• Publication date: 1/20/2003
  • Edition description: 1ST US
  • Pages: 112
  • Age range: 10 years
  • Product dimensions: 6.38 (w) x 7.75 (h) x 0.52 (d)

Meet the Author

Daniel Pennac was born in Casablanca and spent part of his childhood in Africa. He now lives and teaches in a Paris suburb and is the author of numerous adult books. With books published in more than thirty languages, he is one of France’s most widely translated authors.

Max Grafe is a fine artist whose illustration clients have included Carnegie Hall, Audubon magazine, and GQ magazine. He says of EYE OF THE WOLF, his first book, "I related with the boy Africa because as a child I connected more with animals than with people."

Sarah Adams was born in Brussels and now lives in London. As well as translating books from French, she writes about travel, theater, and art.

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Read an Excerpt



Eye of the Wolf




By Daniel Pennac


Candlewick



Copyright © 2003

Daniel Pennac

All right reserved.


ISBN: 0763618969



I.
The boy standing in front of the wolf's cage doesn't move a muscle. The wolf paces backward and forward. He walks the length of the enclosure and back again without stopping.
He's starting to get on my nerves, the wolf thinks to himself. For the last two hours the boy has been standing in front of the wire fencing, as still as a frozen tree.
What does he want from me? the wolf wonders. The boy makes him feel curious. He's not worried (because wolves aren't afraid of anything), just curious. What does he want?
The other children jump and run about, shout and burst into tears, stick their tongues out at the wolf and hide their heads in their mothers' skirts. Then they make silly faces in front of the gorilla's cage, or roar at the lion as he whips the air with his tail. But this boy is different. He stands there silently, without moving a muscle. Only his eyes shift. They follow the wolf as he paces the length of his wire fencing.
What's wrong? Haven't you ever seen a wolf before?
The wolf sees the boy only every other time he passes him. That's because the wolf has only one eye. He lost the other one ten years ago in a fight against human beings, the day he was captured. So on his outward journey (if you can call it a journey) the wolf sees the zoo with all its cages, the children making silly faces, and standing in the middle of them all, the boy who doesn't move amuscle. On the return journey (if you can call it a journey) the wolf sees just the inside of his enclosure. It's an empty enclosure, because the she-wolf died last week. It's a sad enclosure with a solitary gray rock and a dead tree. When the wolf turns around, there's the boy again, breathing steadily, his white breath hanging in the cold air.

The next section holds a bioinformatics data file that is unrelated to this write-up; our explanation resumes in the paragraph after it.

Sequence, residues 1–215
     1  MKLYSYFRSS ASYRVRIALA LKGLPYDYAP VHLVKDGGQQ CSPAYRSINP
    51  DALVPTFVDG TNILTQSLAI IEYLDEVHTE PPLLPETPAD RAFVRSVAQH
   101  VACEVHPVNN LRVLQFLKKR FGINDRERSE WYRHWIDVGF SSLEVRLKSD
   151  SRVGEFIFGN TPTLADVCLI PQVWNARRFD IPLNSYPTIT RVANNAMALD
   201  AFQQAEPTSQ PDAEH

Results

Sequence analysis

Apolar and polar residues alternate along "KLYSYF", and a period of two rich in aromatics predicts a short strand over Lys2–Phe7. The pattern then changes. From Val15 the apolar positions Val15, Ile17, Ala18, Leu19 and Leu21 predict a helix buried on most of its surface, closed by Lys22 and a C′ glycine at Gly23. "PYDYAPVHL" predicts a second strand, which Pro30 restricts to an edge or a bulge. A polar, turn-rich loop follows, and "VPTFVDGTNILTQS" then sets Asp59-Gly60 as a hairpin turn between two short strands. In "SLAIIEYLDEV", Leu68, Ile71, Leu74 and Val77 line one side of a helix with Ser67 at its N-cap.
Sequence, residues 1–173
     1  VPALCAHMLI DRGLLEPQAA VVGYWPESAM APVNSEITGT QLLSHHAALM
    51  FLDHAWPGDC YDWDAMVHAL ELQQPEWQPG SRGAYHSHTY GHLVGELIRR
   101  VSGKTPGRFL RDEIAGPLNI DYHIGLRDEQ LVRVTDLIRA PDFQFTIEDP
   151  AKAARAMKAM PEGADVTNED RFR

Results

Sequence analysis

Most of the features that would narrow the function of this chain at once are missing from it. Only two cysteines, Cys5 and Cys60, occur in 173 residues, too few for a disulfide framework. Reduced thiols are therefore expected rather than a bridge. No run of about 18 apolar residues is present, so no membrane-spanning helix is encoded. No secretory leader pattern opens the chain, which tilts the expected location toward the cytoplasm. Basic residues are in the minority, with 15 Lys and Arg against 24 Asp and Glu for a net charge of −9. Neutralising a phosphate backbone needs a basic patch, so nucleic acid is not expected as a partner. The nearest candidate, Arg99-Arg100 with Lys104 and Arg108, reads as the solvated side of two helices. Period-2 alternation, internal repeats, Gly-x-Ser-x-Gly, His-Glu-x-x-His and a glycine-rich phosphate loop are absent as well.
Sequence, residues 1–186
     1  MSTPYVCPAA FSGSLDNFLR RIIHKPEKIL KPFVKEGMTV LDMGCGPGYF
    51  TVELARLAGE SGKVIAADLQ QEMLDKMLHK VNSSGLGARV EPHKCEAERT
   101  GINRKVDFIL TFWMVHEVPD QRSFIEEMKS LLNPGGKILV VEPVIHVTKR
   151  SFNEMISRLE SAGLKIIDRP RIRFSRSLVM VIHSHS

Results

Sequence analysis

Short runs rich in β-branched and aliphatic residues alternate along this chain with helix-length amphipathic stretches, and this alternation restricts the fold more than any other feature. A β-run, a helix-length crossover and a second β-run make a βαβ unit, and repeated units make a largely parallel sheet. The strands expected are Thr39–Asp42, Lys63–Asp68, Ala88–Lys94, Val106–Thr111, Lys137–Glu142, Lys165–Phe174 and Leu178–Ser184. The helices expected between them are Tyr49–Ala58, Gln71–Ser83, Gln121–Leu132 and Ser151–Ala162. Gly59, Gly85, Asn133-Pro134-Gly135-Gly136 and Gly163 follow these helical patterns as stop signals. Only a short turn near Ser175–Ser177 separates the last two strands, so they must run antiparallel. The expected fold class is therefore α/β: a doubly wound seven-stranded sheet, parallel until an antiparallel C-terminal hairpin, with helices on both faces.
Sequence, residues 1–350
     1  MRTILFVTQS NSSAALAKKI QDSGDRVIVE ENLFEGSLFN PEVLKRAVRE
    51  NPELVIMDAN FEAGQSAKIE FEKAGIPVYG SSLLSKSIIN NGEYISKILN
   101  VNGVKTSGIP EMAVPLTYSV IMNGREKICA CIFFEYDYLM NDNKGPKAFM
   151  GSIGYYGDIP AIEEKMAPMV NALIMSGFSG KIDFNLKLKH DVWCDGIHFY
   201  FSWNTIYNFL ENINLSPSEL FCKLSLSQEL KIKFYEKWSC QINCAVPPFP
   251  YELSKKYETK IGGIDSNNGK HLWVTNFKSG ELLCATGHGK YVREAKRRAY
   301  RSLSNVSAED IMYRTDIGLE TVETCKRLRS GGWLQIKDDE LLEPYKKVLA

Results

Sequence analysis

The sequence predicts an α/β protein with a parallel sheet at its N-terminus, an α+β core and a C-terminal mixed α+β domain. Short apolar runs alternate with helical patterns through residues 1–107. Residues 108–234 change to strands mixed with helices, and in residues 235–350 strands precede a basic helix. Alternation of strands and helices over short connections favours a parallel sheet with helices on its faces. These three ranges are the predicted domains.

He'll give up before I do, thinks the wolf, and he keeps on walking. I'm more patient than he is, he adds. I'm the wolf.

* * *

III.
But the next day the boy is there again. And the following day. And the day after that. Until the wolf can't help thinking about him again. Who is he? What does he want from me? Doesn't he have anything to do all day? Doesn't he have work to do? Or school to go to? Hasn't he got any friends? Or parents? Or relatives?
So many questions slow his pace; his legs feel heavy. He's not worn out yet, but he might be soon. Unbelievable! thinks the wolf.
At least the zoo will be closed tomorrow. Once a month there's a special day when the zookeepers check on the animals' health and repair their cages. No visitors are allowed.
That'll get him off my back.

Wrong again. The next day, just like all the other days, the boy is there. He seems to be more present than ever--all alone in front of the enclosure, all alone in an empty zoo.
Oh, no, groans the wolf. But that's the way it is.
The wolf is starting to feel worn out now. The boy's stare seems to weigh a ton. All right, thinks the wolf. You've asked for it. And suddenly he stops walking. He sits bolt upright opposite the boy. And he starts staring back. He doesn't look through him. It's a real stare, a FIXED stare.
So now they're opposite each other.
There's just the boy.
And the wolf with the blue fur.
So you want to stare at me? Fine. I'll stare at you too. And we'll soon see. . . .
But there's something bothering the wolf. A silly detail. He's only got one eye and the boy's got two. The wolf doesn't know which of the boy's eyes to stare into. He hesitates. His single eye jumps: right-left, left-right. The boy's eyes don't flinch. He doesn't flutter an eyelash. The wolf feels extremely uneasy. He won't turn his head away for the whole world. And there's no question of starting to pace again. His eye begins to lose control. Soon, across the scar of his dead eye, a tear appears. Not because he's sad, but out of a sense of helplessness and anger.
So the boy does something strange that calms the wolf and makes him feel more at ease. The boy closes an eye.
Now they're looking into each other's eye, in a zoo that's silent and empty, and they've got all the time in the world.


Continues...




Excerpted from Eye of the Wolf
by Daniel Pennac
Copyright © 2003 by Daniel Pennac.
Excerpted by permission.
All rights reserved. No part of this excerpt may be reproduced or reprinted without permission in writing from the publisher.
Excerpts are provided by Dial-A-Book Inc. solely for the personal use of visitors to this web site.